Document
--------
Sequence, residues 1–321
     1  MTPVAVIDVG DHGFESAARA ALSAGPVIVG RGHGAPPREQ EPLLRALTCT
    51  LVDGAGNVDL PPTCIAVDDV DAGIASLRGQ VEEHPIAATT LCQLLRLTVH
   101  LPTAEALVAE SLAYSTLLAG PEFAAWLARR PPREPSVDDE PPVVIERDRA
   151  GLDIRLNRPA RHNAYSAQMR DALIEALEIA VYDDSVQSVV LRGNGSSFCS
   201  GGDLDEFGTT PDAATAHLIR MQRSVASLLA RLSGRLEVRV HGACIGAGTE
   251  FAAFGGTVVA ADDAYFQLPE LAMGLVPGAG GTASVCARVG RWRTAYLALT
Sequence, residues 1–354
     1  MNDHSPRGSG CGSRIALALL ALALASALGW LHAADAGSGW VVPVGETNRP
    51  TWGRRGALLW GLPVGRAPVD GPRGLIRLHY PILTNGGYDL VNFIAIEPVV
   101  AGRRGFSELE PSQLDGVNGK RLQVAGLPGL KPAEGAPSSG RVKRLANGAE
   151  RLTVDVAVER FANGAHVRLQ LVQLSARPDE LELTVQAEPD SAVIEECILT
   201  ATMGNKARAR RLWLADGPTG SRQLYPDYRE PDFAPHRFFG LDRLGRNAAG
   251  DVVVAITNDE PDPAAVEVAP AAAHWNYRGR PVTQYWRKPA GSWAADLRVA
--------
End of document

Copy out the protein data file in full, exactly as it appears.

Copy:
Sequence, residues 1–321
     1  MTPVAVIDVG DHGFESAARA ALSAGPVIVG RGHGAPPREQ EPLLRALTCT
    51  LVDGAGNVDL PPTCIAVDDV DAGIASLRGQ VEEHPIAATT LCQLLRLTVH
   101  LPTAEALVAE SLAYSTLLAG PEFAAWLARR PPREPSVDDE PPVVIERDRA
   151  GLDIRLNRPA RHNAYSAQMR DALIEALEIA VYDDSVQSVV LRGNGSSFCS
   201  GGDLDEFGTT PDAATAHLIR MQRSVASLLA RLSGRLEVRV HGACIGAGTE
   251  FAAFGGTVVA ADDAYFQLPE LAMGLVPGAG GTASVCARVG RWRTAYLALT
Sequence, residues 1–354
     1  MNDHSPRGSG CGSRIALALL ALALASALGW LHAADAGSGW VVPVGETNRP
    51  TWGRRGALLW GLPVGRAPVD GPRGLIRLHY PILTNGGYDL VNFIAIEPVV
   101  AGRRGFSELE PSQLDGVNGK RLQVAGLPGL KPAEGAPSSG RVKRLANGAE
   151  RLTVDVAVER FANGAHVRLQ LVQLSARPDE LELTVQAEPD SAVIEECILT
   201  ATMGNKARAR RLWLADGPTG SRQLYPDYRE PDFAPHRFFG LDRLGRNAAG
   251  DVVVAITNDE PDPAAVEVAP AAAHWNYRGR PVTQYWRKPA GSWAADLRVA